The Court denied Plaintiffs' motion and ordered Plaintiffs to show cause why sanctions should not be imposed as the motion appeared both frivolous and without merit, legally and factually. (Doc. No. 247.) Plaintiffs filed a response and a concurrent motion for reconsideration.


a.) Order to Show Cause For Sanctions

Rule 11(c)(3) grants the Court authority to sanction attorneys who fail to demonstrate that a motion is adequately supported by law and evidence.*fn3 Fed. R. Civ. Proc. 11(c)(3). Court- issued sua sponte Rule 11 sanctions "will ordinarily be imposed only in situations that are akin to a contempt of court." United Nat. Ins.Co. v. R & D Latex Corp.,242 F.3d 1102, 1116 (9th Cir. 2001) (denying sanctions because although disapproved, the offending actions failed to rise to contempt in purpose or substance); see Perez v. City of Los Angeles, 98 Fed. Appx. 703, 708 (9th Cir. 2004) (denying sanctions for lack of evidence in court record of "litigation tactics so vexatious as to be unjustifiable").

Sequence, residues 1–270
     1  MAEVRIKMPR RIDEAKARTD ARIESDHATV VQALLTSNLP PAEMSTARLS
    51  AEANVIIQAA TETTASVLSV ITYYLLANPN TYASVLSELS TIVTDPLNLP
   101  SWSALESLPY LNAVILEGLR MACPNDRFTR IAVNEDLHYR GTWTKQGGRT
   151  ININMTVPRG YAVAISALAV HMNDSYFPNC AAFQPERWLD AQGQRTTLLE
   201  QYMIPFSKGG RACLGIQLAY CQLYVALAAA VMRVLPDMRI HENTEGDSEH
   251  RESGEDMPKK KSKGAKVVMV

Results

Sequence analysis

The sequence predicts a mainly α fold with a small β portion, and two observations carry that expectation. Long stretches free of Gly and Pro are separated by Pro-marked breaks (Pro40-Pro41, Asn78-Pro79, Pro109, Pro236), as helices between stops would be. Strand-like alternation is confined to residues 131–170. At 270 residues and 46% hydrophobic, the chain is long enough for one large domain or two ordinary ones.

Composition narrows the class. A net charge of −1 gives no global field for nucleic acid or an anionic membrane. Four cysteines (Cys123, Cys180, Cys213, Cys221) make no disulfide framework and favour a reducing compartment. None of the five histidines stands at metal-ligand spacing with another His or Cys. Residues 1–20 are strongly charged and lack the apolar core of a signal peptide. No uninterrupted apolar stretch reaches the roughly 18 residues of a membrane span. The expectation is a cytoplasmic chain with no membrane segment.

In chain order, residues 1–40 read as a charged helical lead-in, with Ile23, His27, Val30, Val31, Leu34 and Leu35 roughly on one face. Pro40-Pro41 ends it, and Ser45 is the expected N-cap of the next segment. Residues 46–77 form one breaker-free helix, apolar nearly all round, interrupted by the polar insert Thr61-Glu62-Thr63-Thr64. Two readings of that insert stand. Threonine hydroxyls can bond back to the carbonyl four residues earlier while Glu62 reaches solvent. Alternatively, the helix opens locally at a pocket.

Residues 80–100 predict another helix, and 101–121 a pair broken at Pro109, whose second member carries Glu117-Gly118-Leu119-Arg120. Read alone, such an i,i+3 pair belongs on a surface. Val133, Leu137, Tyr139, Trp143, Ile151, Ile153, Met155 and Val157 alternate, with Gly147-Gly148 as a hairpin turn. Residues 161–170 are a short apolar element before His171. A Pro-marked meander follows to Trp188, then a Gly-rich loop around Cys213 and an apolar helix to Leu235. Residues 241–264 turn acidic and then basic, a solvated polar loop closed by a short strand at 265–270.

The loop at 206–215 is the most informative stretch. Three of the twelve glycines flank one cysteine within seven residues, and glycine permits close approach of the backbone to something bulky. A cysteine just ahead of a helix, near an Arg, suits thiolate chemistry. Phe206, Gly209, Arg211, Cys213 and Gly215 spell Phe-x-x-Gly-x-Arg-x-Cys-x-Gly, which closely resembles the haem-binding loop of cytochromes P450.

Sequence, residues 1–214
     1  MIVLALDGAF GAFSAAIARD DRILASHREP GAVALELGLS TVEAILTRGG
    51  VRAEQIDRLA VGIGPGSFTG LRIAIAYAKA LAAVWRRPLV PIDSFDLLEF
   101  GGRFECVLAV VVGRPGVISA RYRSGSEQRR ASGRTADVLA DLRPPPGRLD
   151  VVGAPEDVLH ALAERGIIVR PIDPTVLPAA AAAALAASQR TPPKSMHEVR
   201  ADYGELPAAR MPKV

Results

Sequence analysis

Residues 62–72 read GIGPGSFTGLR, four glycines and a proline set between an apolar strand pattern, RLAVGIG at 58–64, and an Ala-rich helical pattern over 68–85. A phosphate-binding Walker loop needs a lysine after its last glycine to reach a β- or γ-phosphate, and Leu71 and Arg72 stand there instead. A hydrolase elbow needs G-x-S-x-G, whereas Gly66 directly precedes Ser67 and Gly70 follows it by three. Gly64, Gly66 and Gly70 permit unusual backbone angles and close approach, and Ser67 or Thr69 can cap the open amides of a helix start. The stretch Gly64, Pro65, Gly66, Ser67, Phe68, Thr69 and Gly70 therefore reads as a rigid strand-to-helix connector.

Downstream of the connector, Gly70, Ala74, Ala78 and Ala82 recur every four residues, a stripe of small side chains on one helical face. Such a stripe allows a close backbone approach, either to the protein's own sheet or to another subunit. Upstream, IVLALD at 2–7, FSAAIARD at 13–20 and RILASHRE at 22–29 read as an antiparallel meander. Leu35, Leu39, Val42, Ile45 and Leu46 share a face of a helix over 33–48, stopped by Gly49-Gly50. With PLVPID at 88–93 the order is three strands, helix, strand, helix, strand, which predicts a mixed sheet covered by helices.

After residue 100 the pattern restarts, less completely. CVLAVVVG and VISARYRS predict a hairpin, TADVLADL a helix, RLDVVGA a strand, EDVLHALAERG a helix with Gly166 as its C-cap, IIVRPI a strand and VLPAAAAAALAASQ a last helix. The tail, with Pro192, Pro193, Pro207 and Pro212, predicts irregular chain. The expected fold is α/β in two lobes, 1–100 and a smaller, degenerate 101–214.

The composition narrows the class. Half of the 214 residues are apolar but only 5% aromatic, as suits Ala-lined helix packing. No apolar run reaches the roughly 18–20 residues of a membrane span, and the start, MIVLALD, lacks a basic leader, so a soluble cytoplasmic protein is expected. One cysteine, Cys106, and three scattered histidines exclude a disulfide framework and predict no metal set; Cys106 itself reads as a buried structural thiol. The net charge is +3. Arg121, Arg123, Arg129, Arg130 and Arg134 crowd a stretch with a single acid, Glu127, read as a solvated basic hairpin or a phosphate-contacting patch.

Plaintiffs contend their motion was filed in good faith and that the Court failed to appreciate Officer Kelly's plan for "improperly using the summonses to gather evidence on her own, [and] to bolster her testimony at trial." (Doc. No. 248, 3:19-20.) Plaintiffs further argue that sanctions are not warranted because they "ha[d] a good faith belief that the summoned informa- tion will find its way into RO Kelly's testimony without the Plaintiffs, Department of Justice, or perhaps even RO Kelly's ability to know or prevent it." (Doc. No. 248, 4:4-6.)